They stretch the hide over this machine and using their hand they feel for each and every possible imperfection, then they will transfer that hide to a giant table and the computer scans the hide to determine the best use of material from that particular piece.
It was breathtaking.
You would be surprised to learn there are only two robots in the entire plant, a machine that drops the bare bodies onto the assembly line and a rotisserie that turns the cars upside down when needed. As a result, the factory is a lot quieter and more spacious than most people imagine it to be.
Every single Lamborghini built since 1963 has been tested on the picturesque roads of Italy.
Pictured below is the Hurcan Performante
From start to finish, the Aventador spends 90 minutes at 12 different stations while the Huracán spends 40 minutes at 23 stations.
Each one is built on a separate assembly line, and a screen located above each station keeps track of how long the car has been there for, which helps workers manage their time more efficiently.
When we were finished touring the Aventador, and Huracán, factory we took a short van ride to the new Urus facility and much in the same fashion ( new factory of course) the Urus is completed.
Urus has fundamentally changed Lamborghini and it will be interesting to see the end of 2019, just how many Urus were manufactured after a full production year.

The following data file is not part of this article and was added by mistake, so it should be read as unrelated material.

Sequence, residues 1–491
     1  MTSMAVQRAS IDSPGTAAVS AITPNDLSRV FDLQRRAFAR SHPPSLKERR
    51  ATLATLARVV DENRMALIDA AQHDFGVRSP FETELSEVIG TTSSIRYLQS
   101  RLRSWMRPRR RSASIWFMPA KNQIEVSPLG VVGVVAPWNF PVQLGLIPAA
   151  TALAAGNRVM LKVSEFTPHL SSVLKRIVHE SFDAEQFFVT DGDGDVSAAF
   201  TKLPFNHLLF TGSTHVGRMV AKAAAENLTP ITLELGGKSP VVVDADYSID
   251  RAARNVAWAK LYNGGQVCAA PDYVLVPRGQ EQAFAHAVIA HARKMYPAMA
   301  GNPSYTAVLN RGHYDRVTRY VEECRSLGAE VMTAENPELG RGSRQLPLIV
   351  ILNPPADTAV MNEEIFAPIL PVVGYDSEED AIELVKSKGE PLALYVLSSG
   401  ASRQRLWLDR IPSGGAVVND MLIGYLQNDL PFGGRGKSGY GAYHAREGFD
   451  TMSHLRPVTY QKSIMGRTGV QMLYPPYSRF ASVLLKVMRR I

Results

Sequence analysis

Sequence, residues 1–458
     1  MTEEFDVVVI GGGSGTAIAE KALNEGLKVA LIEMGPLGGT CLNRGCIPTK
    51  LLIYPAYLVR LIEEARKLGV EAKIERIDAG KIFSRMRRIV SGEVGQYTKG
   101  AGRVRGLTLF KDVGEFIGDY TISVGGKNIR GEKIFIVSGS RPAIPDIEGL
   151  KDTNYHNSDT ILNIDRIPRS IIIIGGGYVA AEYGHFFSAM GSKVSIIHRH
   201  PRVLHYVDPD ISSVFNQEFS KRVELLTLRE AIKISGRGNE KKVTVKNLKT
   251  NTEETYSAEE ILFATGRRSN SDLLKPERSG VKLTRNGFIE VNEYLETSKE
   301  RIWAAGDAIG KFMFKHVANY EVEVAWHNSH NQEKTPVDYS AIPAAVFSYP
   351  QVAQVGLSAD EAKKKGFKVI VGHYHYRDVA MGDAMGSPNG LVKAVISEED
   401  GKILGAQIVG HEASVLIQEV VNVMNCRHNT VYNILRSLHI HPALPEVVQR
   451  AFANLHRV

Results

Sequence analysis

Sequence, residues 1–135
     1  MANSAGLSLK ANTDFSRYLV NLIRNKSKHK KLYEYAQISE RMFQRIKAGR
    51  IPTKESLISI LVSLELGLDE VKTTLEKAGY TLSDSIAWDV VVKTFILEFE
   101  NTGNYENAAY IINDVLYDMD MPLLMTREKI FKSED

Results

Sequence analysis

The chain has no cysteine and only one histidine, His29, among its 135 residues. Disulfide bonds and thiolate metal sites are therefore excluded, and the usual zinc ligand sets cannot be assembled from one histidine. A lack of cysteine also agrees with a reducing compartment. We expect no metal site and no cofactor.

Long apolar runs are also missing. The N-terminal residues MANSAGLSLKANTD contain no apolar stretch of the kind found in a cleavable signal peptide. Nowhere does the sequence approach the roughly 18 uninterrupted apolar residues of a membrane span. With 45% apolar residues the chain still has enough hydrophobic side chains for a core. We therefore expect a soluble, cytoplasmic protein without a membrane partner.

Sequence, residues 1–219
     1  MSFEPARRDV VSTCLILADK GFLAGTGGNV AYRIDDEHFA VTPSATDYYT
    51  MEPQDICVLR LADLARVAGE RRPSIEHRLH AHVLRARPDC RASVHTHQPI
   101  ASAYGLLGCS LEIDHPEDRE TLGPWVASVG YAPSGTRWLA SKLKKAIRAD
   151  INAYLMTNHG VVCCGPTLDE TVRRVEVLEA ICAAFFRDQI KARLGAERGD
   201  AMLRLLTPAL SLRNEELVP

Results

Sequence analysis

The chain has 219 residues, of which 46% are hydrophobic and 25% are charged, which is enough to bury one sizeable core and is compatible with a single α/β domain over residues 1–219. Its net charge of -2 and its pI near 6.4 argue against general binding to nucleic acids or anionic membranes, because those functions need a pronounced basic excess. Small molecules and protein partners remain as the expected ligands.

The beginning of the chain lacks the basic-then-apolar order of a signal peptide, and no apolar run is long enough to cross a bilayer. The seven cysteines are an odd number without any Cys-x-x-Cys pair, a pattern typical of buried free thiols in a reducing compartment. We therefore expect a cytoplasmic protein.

Lamborghini builds each of the high-revving 10- and 12-cylinder engines — again, entirely by hand — and bench-tested.
When a car is completed it has to go through three rounds of final testing before it is delivered to its lucky new owner. The first round involves using lasers and cameras to check that every part (including suspension-related bits and pieces and body panels) is precisely aligned.
The second step consists of running the car on a dyno (a treadmill for vehicles) for 40 minutes at a top speed of 180 km/h (about 112 mph) to ensure all mechanical components are in working order.
Finally, the third step is a full 20-to-30-mile test drive on public roads.
Tradition runs strong at Lamborghini
Every single car built in Sant’Agata since 1963 has been tested on the picturesque roads around the factory.
Just seeing the factory has allowed me to have a different appreciation for the car.